Quantification of normal head morphometry of stallion spermatozoa

C. G. Gravance, Irwin Liu, R. O. Davis, J. P. Hughes, P. J. Casey

Research output: Contribution to journalArticlepeer-review

78 Scopus citations

Abstract

The heads of stallion spermatozoa were analysed by computer automated sperm head morphometry and the morphometric values of the major subpopulations of sperm heads were assessed. The criteria for normal dimensions of stallion sperm heads are proposed based on the analysis of these measurements. Semen samples were collected from 10 fertile and 10 subfertile stallions, processed by a standard method, smeared onto microscope slides and stained using haematoxylin. At least 200 properly digitized sperm heads were analysed from each stallion. The measurements for length, width, area, perimeter and width/length were recorded for each stallion. All sperm head measurements were placed in a statistical database and multivariate cluster analysis performed. Mean measurements for all parameters of the major clusters of fertile and subfertile stallions were compared by analysis of variance. The ranges of the values of the major clusters of fertile stallions were applied to all stallions to determine the percentage of normal sperm heads for each stallion. The mean values for length, width, area and perimeter in the major cluster of sperm head dimensions of fertile stallions were significantly different from those of the subfertile stallions (P < 0.001). The range of values of the major cluster of fertile stallions was length = 4.9-5.7 μm, width = 2.5-3.0 μm, width/length = 0.45-0.59, area = 10.3-12.1 μm2, and perimeter = 12.9-14.2 μm. On the basis of these values, a significantly (P < 0.001) higher percentage of normal sperm heads were found in the fertile group than in the subfertile group of stallions (52% versus 19%).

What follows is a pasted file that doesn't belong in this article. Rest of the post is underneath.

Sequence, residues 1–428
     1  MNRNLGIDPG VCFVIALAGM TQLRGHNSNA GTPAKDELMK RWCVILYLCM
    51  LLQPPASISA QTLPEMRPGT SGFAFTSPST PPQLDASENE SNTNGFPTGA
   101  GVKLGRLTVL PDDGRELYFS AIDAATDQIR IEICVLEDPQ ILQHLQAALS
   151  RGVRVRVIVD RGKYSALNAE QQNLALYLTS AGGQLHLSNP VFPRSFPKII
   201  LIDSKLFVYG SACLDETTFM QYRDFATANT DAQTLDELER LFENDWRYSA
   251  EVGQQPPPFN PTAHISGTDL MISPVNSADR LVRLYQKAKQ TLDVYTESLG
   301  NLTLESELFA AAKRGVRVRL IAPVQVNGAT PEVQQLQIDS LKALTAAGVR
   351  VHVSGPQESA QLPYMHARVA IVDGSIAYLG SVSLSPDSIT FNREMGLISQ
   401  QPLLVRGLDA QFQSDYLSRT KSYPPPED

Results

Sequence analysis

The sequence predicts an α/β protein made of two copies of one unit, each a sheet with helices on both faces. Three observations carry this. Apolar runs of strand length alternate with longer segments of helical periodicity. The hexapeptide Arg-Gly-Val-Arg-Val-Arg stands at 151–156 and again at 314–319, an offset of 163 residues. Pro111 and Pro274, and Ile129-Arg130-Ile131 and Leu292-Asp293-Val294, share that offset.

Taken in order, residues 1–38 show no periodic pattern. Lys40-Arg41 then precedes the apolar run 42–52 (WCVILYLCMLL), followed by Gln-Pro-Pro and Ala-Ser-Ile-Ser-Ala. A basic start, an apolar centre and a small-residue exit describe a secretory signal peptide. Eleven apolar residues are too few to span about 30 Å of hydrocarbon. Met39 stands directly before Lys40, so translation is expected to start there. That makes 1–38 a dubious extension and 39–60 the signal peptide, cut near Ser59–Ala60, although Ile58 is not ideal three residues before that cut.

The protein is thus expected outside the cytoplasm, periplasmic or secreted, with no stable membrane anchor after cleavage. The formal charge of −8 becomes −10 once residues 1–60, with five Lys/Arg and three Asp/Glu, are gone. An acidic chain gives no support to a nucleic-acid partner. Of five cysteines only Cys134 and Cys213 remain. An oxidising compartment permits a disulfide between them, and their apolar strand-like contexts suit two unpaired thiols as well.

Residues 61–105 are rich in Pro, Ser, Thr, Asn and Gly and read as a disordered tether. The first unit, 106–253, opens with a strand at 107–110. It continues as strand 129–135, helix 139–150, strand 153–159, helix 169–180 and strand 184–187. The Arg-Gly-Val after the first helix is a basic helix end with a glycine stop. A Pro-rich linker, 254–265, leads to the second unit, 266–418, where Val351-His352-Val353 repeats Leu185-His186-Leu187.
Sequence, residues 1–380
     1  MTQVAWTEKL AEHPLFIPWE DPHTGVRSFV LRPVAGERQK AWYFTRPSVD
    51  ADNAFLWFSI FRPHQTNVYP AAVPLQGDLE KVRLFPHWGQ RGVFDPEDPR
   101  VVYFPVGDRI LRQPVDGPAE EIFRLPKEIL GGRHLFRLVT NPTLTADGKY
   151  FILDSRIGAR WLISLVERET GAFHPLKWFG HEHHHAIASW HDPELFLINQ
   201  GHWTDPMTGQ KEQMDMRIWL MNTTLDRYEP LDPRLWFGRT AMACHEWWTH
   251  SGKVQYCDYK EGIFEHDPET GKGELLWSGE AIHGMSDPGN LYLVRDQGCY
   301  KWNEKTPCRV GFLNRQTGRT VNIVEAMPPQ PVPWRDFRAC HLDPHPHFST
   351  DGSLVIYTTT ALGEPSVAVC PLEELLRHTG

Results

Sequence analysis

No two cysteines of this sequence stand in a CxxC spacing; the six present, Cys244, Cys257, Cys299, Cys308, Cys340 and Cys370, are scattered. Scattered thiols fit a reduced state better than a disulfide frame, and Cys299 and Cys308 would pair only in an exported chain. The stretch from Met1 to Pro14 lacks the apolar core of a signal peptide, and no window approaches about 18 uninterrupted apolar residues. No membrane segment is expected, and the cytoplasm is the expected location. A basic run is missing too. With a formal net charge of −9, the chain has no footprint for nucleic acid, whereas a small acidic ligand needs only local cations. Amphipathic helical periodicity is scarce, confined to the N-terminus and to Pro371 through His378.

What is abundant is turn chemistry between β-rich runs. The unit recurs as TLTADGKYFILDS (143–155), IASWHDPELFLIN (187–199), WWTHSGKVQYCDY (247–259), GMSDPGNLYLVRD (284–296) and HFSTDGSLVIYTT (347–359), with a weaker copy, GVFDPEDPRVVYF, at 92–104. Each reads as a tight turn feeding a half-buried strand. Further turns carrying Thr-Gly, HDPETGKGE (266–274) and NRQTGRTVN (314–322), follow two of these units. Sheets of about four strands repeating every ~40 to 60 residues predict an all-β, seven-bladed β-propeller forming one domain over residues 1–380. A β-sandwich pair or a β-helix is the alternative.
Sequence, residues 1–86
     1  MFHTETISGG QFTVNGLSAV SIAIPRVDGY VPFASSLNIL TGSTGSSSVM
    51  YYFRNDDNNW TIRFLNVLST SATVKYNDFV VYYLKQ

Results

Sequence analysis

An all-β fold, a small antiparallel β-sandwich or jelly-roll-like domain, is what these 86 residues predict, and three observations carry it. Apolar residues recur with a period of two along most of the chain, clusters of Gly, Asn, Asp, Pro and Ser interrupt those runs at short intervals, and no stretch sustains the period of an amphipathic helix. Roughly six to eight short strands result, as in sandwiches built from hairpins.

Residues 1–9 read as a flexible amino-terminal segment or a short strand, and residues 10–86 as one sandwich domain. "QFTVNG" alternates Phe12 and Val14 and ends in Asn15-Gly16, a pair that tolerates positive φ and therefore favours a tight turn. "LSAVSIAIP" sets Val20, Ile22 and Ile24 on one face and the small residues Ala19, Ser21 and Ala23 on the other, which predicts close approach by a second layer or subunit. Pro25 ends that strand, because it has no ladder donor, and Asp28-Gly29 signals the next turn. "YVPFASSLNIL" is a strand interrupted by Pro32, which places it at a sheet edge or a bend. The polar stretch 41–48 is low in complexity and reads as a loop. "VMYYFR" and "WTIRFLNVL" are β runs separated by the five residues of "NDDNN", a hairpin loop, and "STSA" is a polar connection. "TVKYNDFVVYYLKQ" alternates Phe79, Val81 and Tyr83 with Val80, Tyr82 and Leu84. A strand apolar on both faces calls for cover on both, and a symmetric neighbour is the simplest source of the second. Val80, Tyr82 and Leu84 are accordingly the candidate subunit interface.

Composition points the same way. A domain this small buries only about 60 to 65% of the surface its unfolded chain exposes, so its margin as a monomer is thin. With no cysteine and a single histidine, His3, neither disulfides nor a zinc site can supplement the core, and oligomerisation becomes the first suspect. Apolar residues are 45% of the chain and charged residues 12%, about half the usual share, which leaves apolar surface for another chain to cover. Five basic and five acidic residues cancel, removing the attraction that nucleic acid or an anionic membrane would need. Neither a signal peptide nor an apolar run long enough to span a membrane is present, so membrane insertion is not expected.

Original languageEnglish (US)
Pages (from-to)41-46
Number of pages6
JournalJournal of Reproduction and Fertility
Volume108
Issue number1
DOIs
StatePublished - Jan 1 1996

ASJC Scopus subject areas

  • Physiology
  • Embryology
  • Molecular Biology
  • Obstetrics and Gynecology
  • Developmental Biology

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